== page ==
Walking improves mood, eases fatigue in those with Parkinson’s disease
In yet another endorsement for getting on your feet and walking, researchers said Wednesday that people with mild to moderate Parkinson’s disease may improve their motor function, mood, fatigue levels and more by taking regular aerobic walks.
“The results of our study suggest that walking may provide a safe and easily accessible way of improving the symptoms of Parkinson’s disease and improve quality of life,” the lead author of the study said. Dr. Ergun Uc of the University of Iowa and the Veterans Affairs Medical Center in Iowa City and colleagues published their findings in the journal Neurology.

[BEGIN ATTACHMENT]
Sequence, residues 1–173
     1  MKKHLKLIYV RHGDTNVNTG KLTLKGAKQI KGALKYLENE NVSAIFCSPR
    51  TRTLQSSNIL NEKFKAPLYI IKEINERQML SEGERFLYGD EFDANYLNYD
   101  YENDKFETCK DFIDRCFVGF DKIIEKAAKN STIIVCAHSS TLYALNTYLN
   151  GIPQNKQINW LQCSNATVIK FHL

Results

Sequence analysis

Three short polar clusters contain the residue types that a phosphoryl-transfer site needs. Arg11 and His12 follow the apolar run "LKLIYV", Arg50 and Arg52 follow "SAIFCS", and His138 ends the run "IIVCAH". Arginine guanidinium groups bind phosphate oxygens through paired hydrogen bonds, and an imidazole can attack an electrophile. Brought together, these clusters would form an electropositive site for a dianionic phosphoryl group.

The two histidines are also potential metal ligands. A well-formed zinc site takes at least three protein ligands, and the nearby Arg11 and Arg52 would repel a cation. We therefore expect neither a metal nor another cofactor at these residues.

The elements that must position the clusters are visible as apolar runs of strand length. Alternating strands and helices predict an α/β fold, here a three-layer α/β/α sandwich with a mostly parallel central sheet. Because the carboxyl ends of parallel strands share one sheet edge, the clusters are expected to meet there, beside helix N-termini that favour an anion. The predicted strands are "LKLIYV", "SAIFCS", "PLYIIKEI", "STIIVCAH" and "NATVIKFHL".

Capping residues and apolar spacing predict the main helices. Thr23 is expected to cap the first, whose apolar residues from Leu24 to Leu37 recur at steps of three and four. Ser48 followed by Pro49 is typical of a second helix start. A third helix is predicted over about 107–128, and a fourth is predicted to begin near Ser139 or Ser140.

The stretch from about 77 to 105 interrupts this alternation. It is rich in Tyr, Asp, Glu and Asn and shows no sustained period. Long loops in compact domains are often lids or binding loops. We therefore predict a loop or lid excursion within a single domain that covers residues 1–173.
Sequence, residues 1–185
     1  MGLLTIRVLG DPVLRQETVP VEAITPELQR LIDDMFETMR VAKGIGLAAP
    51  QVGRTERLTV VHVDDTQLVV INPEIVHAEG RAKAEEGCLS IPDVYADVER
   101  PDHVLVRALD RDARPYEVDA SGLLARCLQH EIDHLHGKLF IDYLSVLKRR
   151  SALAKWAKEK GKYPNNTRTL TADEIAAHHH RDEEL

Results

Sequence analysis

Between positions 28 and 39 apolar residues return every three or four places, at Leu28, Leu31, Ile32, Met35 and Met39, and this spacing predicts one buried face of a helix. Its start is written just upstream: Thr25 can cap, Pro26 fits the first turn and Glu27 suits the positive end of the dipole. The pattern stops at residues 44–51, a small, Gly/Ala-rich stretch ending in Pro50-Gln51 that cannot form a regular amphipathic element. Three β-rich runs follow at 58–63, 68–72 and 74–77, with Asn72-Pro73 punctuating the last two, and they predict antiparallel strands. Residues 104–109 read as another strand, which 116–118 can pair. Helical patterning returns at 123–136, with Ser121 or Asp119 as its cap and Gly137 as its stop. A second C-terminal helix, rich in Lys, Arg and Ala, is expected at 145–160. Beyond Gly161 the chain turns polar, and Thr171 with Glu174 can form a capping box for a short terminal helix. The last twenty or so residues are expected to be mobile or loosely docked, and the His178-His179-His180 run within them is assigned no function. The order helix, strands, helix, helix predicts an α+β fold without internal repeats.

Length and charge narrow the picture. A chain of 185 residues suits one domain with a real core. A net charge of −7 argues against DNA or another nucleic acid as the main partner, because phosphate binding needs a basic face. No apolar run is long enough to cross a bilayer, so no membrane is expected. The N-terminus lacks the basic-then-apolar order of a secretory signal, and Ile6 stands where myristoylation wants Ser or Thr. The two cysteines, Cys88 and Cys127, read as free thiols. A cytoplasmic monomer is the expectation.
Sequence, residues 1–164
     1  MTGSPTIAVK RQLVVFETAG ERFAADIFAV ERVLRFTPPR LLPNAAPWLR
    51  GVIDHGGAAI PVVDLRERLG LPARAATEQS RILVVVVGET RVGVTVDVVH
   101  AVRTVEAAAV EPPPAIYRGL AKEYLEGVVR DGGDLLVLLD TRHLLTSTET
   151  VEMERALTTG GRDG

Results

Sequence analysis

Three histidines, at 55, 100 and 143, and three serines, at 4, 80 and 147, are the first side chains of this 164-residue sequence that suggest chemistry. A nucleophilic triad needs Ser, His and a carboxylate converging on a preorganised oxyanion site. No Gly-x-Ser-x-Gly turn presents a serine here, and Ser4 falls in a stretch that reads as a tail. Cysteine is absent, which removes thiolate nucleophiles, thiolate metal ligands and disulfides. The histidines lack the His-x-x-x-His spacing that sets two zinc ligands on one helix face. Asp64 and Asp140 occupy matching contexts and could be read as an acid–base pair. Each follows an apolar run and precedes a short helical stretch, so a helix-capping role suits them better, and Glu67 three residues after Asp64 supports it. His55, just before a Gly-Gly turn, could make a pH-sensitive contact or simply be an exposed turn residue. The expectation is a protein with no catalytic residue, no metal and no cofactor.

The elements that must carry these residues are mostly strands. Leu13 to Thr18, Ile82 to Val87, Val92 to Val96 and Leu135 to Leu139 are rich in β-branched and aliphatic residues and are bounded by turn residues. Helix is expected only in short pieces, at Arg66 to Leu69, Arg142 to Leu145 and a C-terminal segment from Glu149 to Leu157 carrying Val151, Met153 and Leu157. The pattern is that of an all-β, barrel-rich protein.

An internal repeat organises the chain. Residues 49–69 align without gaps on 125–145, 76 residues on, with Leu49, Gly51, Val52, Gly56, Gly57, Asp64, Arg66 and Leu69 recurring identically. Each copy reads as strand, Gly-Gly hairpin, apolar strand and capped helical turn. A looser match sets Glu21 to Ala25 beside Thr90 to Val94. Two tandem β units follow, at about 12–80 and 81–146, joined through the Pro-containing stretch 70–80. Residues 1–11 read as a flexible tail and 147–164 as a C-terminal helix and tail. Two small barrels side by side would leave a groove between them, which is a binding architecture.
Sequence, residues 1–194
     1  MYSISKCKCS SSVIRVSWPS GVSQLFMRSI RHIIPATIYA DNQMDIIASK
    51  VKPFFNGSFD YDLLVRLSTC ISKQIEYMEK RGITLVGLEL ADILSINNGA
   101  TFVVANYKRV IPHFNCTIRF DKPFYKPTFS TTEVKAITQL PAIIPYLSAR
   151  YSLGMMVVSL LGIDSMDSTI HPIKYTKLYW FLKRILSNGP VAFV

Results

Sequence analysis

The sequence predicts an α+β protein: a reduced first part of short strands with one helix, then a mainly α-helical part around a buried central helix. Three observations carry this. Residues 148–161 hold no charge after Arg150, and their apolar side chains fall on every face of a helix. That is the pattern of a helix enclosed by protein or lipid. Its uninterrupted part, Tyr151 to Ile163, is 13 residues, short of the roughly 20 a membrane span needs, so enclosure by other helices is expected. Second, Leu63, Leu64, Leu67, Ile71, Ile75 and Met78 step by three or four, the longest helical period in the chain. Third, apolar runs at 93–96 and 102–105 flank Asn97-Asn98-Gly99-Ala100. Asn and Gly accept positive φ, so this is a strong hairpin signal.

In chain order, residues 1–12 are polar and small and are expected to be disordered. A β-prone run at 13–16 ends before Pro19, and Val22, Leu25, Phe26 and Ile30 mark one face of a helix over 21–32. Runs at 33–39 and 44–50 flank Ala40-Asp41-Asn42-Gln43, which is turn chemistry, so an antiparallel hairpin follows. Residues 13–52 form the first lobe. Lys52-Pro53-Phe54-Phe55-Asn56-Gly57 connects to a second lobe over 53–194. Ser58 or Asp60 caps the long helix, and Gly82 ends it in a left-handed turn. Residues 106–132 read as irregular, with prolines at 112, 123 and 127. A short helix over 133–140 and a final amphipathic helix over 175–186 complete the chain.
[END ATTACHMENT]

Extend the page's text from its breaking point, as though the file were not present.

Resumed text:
The researchers tracked 49 people ages 50 to 80 who had mild to moderate Parkinson’s disease. They wore electronic heart and walking speed monitors, and were asked to keep a diary of their exercise. Some walked in groups, others on their own. Their average walking speed was 2.9 mph.
Over six months, improvement came in aerobic fitness, as it would for most people. But the researchers also reported improvements -- outside of those from any medication -- in motor function, fatigue levels, mood, aspects of executive function and quality of life.
The researchers concluded that people with mild to moderate Parkinson’s disease could benefit from following the federal guidelines recommending 150 minutes a week of moderate aerobic activity for people ages 18 to 65.
More work is needed, in part because this study did not include a control group, the researchers noted. But it did demonstrate that this group of people can safely take part in aerobic walking.
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